Not having a clue, then, as to how to downshift my writing into middle-school gear, I made up my mind not to. They’ll get it, I told myself. Just write the story. The only concessions I made were 1) no super-complex sentences that wander off into a maze of subordinate and sub-subordinate clauses, because eighth-graders just don’t sound like that; and 2) keep an eye on the vocabulary: no “plangent” or “purblind” or “peripatetic.” Aside from that, just write the story.

Because what “Anyway*” is about, really – as much as a book is “about” anything, another argument altogether – is that fleeting netherworld in which one is neither a little kid nor a teenager, but a (semi)-independent being balanced precariously, giddily, gloriously in between. It’s about that feeling: Max is intensely aware of (and ecstatic about) no longer being a little kid, and he knows that the social and chemical assault of teen-hood lies dead ahead. So he’s fiddling with his identity … and when he goes to a week-long summer family camp, he sees a chance to re-invent himself. Nobody there knows him. He can be anything, be anybody he wants to be.

Consequences? Yup.

That kind of a story, that kind of sensibility, can’t be conveyed by writing down to what we imagine to be a kid’s level of sophistication. It’s grown-up stuff, if you will. And here’s my Big (Large-ish!) Idea: This is exactly, but exactly the point in life when people start to GET stuff. They’ll get it. Twelve, 11-, 10-year-olds will get it.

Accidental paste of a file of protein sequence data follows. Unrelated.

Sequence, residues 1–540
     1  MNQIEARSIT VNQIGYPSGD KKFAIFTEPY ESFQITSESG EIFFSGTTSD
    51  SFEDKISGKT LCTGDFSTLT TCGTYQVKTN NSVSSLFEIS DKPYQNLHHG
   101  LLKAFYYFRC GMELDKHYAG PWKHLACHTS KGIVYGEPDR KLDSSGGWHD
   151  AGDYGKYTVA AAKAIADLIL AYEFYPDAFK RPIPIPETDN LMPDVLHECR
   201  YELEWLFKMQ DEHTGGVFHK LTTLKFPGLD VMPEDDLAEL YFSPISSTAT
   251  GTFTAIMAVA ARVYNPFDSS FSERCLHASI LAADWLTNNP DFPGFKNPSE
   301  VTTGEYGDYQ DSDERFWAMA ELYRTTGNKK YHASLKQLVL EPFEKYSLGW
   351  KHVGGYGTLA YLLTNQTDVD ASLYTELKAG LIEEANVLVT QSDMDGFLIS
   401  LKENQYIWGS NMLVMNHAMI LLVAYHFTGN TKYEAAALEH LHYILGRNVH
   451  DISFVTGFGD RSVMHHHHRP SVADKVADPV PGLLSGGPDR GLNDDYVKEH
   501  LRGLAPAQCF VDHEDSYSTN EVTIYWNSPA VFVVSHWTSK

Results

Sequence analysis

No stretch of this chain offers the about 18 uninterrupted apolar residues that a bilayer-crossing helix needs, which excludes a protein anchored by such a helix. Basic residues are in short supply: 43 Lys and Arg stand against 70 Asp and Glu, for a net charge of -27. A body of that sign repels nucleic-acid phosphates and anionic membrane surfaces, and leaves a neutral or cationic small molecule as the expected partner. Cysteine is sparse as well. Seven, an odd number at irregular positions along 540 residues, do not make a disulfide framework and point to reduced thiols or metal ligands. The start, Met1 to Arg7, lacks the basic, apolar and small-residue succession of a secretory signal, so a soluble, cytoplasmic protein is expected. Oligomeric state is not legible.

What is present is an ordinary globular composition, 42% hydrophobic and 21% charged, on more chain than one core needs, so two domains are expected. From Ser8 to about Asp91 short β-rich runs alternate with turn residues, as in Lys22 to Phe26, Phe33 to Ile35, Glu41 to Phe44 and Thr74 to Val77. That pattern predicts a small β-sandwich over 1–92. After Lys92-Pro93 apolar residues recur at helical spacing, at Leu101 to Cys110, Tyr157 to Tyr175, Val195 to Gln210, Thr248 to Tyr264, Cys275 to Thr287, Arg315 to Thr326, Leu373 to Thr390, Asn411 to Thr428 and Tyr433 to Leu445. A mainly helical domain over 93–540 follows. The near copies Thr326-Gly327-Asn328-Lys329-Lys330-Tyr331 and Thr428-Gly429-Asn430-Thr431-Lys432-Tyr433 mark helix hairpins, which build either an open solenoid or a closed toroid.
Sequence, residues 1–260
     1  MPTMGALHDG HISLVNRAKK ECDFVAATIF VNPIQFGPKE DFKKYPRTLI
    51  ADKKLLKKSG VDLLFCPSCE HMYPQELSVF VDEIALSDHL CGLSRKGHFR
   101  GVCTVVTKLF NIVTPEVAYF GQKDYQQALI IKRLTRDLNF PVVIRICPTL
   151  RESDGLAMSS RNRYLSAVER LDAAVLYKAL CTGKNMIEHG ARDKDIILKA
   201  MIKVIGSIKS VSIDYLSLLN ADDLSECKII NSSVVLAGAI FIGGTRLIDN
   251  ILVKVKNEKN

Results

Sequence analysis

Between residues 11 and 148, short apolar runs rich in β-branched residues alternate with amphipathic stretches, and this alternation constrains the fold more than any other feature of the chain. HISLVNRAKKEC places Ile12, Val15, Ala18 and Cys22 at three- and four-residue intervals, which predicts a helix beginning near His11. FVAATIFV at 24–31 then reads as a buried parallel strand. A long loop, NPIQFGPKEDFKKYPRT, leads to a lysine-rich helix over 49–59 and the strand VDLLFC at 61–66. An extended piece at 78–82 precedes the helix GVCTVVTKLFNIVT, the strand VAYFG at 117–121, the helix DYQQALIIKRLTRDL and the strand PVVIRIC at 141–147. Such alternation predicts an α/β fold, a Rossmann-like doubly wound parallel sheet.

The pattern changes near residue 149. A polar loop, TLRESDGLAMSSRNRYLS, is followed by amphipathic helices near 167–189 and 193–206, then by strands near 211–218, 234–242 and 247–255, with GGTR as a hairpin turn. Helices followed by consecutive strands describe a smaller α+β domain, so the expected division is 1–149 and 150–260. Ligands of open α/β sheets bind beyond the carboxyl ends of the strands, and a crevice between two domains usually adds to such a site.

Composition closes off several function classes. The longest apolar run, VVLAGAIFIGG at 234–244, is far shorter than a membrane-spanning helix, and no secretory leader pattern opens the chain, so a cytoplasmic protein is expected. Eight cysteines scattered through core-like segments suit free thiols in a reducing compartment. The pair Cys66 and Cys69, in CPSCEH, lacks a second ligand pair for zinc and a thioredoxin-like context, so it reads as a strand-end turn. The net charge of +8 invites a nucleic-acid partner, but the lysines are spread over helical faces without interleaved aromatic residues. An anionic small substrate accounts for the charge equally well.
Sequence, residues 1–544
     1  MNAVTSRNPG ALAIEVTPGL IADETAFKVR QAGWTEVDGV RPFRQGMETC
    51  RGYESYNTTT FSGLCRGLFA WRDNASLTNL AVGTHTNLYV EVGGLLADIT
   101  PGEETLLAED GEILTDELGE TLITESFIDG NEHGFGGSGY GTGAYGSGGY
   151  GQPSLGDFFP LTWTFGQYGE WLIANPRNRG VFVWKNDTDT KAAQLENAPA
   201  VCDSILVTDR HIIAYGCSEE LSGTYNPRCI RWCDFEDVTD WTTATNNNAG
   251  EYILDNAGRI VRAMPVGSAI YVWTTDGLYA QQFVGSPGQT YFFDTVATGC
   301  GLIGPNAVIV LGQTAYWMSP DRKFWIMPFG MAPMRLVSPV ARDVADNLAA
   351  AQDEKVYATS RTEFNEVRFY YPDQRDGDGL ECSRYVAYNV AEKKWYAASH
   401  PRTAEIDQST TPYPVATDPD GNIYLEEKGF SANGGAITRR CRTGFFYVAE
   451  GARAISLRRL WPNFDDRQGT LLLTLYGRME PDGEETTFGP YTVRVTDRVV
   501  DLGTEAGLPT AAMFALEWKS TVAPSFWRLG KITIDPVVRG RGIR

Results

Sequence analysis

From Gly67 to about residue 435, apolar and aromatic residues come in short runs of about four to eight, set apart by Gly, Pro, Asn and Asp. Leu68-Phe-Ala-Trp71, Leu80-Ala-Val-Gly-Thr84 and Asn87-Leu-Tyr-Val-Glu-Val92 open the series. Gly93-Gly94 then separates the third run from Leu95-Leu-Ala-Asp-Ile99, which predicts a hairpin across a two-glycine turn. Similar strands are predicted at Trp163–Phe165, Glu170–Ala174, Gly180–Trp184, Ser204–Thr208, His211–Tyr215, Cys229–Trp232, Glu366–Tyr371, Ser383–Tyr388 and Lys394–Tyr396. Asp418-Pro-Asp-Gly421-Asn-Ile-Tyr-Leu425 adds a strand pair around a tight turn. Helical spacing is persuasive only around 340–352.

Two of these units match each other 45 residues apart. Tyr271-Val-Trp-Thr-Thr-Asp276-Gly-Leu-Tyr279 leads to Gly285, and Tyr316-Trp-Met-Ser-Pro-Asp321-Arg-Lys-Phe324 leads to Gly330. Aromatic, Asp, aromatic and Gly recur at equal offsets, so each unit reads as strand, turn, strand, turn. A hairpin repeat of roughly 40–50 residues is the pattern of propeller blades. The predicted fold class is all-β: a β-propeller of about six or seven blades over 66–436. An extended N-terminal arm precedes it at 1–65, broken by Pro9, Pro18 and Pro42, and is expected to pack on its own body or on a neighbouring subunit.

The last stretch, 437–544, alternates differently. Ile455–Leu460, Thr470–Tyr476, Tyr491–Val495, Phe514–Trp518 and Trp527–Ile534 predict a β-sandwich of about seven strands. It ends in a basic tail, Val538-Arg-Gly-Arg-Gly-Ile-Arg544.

And so, I hope, will 20-, 31- …maybe even 62-year-olds.


Anyway*: Amazon|Barnes & Noble|Indiebound|Powell’s

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11 Comments on “The Big Idea: Arthur Salm”

  1. This sounds extremely intriguing in a way I can’t qite describe. Thanks for the essay, Arthur. Reserving a copy now.

  2. Man, I wish I’d had a book like that when I was twelve. The Maternal Unit tried her best to train me in the “children should be seen and not heard” mode, and for the most part I just let her do it, because it was easier to let her have her way than to try to assert myself (when asserting myself meant that she would fly into a rage and start calling me “evil, selfish and worthless”).

    I got my first PC when I was nearly 26. It took me about a year to really “find my voice” online. Getting a PC was like Max going to summer camp–nobody online knew me, so I could “reinvent” myself at will. The Maternal Unit “couldn’t understand what happened to me”, and openly assumed it was that all the brain surgeries (17 total) I’ve had “finally caught up with me and caused permanent brain damage”. In other words, speaking up for myself meant I had a “personality disorder”.

    We no longer speak.